"The Journals of John Cheever" edited by Robert Gottlieb (Vintage)
"Good Friday. I neither fast nor make any observations of this somber time. I roam from the post office to the church, unsober. The central altar is dark, but on the left the priest has improvised a Mary chapel where there is a blaze of candles and lilies and someone keeps the vigil. I find all this offensive; say my prayers. The day is brilliant for half an hour; clouds come up swiftly from the northwest and now the day is dark." Cheever's journals are tender, funny and sad -- above all, startling in their intimacy and luminosity. These pages offer sometimes painful insights into the writing life and into the mind of a man who understood that his own troubled soul was subject for comedy and not only complaint.
"A Mind Apart" edited by Mark S. Bauer (Oxford University Press)
"At last I thought my work was done, / and I could end my life. / But now my daughter has a son, / my son now has a wife," writes Kelly Ann Malone in her wistful poem about suicide, "Devices on Standby." "I'll get around to my demise / and give in to despair / when I can look into their eyes / and tell them I don't care." Mark Bauer, professor of psychiatry at Harvard Medical School, has assembled a collection of poems about madness, melancholy and addiction. It's the reverse of a cozy read -- but still strives to affirm.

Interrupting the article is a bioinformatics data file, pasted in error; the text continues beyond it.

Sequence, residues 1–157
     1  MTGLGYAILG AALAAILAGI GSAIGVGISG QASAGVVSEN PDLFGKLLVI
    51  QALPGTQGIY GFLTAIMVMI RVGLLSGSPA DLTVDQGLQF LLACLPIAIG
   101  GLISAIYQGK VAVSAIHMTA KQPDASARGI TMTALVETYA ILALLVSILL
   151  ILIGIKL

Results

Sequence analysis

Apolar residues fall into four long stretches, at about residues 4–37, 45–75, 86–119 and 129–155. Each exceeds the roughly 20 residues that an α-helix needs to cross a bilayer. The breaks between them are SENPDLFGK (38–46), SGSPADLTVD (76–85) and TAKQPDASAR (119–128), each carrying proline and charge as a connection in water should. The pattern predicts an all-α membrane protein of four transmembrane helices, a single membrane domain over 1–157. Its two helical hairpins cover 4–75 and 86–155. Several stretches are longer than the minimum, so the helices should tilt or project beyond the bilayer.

"The Redbreast" by Jo Nesbo (Harper)
Jo Nesbo, a Norwegian, is the latest Scandinavian crime writer to achieve eminence in the U.S., and "The Redbreast," moving in time from the end of World War II to the present day, is indeed a hugely impressive achievement -- ambitious in scope, and skilled in execution. Nesbo's detective, the splendidly named Harry Hole, is drunk and depressive -- so what's new? Where "The Redbreast" scores, though, is in its plotting -- the twists keep coming right to the end as Hole tracks the killer of disgraced soldiers who once collaborated with the Germans. The dark tone carries real weight.
"Slumdog Millionaire" by Vikas Swarup (Scribner)
"I have been arrested. For winning a quiz show," announces the narrator at the beginning of this excellent novel, originally published as "Q & A" and recently adapted by director Danny Boyle and screenwriter Simon Beaufoy for the smashing movie. Vikas Swarup may feel pleased, indeed, by the success and fidelity of the translation. In the book, as in the film, the young hero is arrested and asked to account for how he -- an illiterate orphan -- was able to answer quiz show questions that led to him winning a jackpot. The writing's fast-paced, and like a fairy-tale, but grounded in the streets of Mumbai.